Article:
HI Dorothy, There are several root killer, one called Root Out, Root be Gone, Tree and Stump killer, even more I am sure, but in your situation, I would be doing it as fast as possible as the roots from your willow will be trying to break your underground drains, if they get to that and most will, you have real big problems to try deal with as your sewage, water and any other drains will be burst open with the roots. the best way to find out how close to your property you can plant any trees or very large shrubs is, find out the final height the tree will reach in say 10 years and how far the top growth will fan out, that will tell you how far the roots will travel in 10 years, the willows will reach a huge root spread faster than any other tree just by the nature of the type of tree it is, they do grow best close to water which is why you often find them beside ponds in parks, but your is not beside water, therefore it is growing under the house to get where to roots find moisture through your drainage system, so be very, very careful about how long you leave it there, I know all this sounds frightening, but believe me, it can be if left unchecked, good luck. WeeNel.
Thank you WeeNel . It seems I have a monster just in time for All 'Hallows Eve... I will get the prep this weekend. I wonder since I have chopped it down so much each year..maybe the roots have sort of kept up with the top growth which has not been allowed to do more than the 11 feet tall and at best that wide. The deck is at least that far out from the house. From under that deck on the same day in the springtime, .. the snakes come out. Since I have realized this...I am reluctant (aka ...afraid) to go near there. Anyway, I will take care of it in the best way I know how... use the root killer and then send DH in there to pull it all out (smile) Again thank you for the information.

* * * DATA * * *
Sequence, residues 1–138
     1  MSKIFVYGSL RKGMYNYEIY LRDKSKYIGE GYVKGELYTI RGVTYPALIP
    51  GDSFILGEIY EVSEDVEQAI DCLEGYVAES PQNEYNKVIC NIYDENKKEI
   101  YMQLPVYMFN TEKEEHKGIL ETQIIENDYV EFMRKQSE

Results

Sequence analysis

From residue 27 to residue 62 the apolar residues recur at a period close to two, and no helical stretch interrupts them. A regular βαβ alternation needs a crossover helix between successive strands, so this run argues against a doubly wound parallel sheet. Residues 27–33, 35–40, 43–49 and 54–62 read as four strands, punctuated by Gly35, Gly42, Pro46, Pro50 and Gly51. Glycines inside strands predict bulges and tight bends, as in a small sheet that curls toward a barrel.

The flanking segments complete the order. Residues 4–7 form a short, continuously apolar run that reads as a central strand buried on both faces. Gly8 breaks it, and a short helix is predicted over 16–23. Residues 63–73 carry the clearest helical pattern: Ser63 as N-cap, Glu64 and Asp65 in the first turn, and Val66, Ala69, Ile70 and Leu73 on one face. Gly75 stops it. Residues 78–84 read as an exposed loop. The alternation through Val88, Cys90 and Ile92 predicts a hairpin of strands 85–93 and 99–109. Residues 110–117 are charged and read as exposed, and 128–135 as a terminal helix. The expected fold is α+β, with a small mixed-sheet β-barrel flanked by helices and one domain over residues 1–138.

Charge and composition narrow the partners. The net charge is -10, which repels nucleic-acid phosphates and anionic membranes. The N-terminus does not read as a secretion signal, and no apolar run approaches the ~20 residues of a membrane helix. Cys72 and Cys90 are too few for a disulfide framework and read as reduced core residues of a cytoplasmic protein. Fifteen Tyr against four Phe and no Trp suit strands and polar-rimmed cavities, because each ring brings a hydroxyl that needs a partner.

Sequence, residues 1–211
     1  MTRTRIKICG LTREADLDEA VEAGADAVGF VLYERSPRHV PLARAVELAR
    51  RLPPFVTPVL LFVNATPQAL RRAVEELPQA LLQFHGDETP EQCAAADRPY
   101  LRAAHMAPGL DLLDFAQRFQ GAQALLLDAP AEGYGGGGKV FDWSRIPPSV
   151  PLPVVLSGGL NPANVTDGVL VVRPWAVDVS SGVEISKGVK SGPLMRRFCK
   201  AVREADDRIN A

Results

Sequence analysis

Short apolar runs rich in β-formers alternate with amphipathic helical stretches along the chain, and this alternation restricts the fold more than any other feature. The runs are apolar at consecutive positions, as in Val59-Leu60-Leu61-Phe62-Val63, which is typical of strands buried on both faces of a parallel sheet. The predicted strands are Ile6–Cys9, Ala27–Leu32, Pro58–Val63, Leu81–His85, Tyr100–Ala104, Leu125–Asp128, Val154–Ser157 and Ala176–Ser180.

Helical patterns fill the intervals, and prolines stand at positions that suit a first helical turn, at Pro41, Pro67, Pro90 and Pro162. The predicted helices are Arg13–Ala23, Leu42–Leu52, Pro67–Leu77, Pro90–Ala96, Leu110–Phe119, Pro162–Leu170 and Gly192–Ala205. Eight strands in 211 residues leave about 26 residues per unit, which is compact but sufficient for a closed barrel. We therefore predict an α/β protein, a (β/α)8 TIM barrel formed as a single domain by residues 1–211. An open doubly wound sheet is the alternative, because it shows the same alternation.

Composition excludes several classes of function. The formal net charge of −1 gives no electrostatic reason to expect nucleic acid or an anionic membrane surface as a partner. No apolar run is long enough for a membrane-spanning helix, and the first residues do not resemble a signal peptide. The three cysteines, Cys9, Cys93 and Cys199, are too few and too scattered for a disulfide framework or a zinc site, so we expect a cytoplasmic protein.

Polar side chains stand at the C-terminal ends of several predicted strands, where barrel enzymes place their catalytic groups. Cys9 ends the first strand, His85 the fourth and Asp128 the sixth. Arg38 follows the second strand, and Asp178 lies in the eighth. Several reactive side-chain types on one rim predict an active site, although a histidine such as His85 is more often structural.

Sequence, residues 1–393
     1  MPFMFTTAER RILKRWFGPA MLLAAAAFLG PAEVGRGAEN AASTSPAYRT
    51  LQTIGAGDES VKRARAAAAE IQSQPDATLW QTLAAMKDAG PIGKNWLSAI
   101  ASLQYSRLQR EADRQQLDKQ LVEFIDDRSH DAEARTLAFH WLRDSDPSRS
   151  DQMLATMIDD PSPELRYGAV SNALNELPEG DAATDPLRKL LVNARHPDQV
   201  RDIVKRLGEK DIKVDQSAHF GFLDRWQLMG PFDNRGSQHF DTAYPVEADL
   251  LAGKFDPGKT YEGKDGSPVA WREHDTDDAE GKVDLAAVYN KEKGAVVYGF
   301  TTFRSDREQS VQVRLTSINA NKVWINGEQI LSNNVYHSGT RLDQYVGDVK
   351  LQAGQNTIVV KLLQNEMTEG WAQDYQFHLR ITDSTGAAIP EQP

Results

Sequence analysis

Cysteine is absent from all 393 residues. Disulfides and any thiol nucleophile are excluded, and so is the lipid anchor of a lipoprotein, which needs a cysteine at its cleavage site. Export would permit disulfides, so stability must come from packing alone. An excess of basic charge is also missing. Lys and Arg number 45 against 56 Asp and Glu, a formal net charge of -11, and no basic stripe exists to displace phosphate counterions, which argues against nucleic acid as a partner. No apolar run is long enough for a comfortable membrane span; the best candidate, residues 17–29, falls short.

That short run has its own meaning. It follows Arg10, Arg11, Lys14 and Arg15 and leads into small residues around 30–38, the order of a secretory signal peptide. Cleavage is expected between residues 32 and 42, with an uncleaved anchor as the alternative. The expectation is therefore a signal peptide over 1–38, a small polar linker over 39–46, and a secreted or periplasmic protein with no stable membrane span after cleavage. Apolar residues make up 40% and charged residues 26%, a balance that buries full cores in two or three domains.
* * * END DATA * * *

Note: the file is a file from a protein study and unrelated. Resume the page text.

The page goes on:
Hi Dorothy, you are so right to take action with your willow, they really are beautiful trees, but to our cost, we soon learn that if we grow the wrong type and in the wrong place, boy do we give ourselves a worry a few years later, as for the root killers that you can use, IF you get the right kind of killer, you wont need to crawl under to get the roots out. what you would do is, cut the branches/trunks back to almost ground level, drill some holes into the stumps, as many as you can, and as deep into the stump as possible, then use say an old food funnel to pour the killer into the holes in each trunk, once you have got it all down the holes, poke it with a cane etc so that is is right down the bottom of your hole and top it up if needed, then cover the trunks with thick polythene, or other waterproof material so you keep rain AND light out of the holes, in time, the roots will take up this killer and the roots will just die within the ground, there they can be left if it is not a bit of ground that you can garden on like UNDER the house. by leaving a very small bit of trunk above ground, you will see if the killer is working because if it is not, then you will see new shoots start to grow from the stumps, if that happens, cut off these growing tips and try get some more killer into the trunks, by the way, this could take several years to kill off the roots as it could have a long way to get to the roots as they could be very long underground. but it is better than having to get the floors in your home lifted to repair drains. good luck. hope it works for you and you get peace of mind. best wishes. WeeNel.